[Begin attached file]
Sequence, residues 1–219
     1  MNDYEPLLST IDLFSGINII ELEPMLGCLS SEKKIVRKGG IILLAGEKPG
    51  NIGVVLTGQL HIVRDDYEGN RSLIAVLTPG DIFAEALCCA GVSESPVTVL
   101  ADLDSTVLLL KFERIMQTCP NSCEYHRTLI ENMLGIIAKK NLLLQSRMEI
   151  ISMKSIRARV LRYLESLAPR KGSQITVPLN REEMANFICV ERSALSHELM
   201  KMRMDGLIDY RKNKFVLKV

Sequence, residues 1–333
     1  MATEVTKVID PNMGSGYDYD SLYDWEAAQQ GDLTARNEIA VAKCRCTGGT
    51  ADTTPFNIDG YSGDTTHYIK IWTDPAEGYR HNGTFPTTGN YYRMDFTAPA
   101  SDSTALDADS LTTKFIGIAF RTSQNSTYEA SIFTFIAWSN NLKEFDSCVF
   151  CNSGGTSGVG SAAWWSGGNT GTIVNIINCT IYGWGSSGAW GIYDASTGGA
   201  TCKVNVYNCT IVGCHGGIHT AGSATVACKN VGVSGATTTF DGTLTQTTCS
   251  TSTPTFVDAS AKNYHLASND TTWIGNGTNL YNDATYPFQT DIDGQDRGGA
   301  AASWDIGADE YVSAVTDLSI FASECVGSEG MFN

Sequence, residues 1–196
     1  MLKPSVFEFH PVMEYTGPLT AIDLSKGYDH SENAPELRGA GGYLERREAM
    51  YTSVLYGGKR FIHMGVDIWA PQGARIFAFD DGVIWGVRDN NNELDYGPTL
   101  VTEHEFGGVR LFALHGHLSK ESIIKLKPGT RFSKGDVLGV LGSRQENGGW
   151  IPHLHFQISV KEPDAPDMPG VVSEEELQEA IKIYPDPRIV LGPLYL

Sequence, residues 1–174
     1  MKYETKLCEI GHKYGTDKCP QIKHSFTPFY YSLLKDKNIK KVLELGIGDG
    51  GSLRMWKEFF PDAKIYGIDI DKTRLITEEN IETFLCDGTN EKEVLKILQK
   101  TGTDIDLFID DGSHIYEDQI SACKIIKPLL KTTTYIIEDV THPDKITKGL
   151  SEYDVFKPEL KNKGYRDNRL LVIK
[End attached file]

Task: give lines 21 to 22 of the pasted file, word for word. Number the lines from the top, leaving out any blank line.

     1  MKYETKLCEI GHKYGTDKCP QIKHSFTPFY YSLLKDKNIK KVLELGIGDG
    51  GSLRMWKEFF PDAKIYGIDI DKTRLITEEN IETFLCDGTN EKEVLKILQK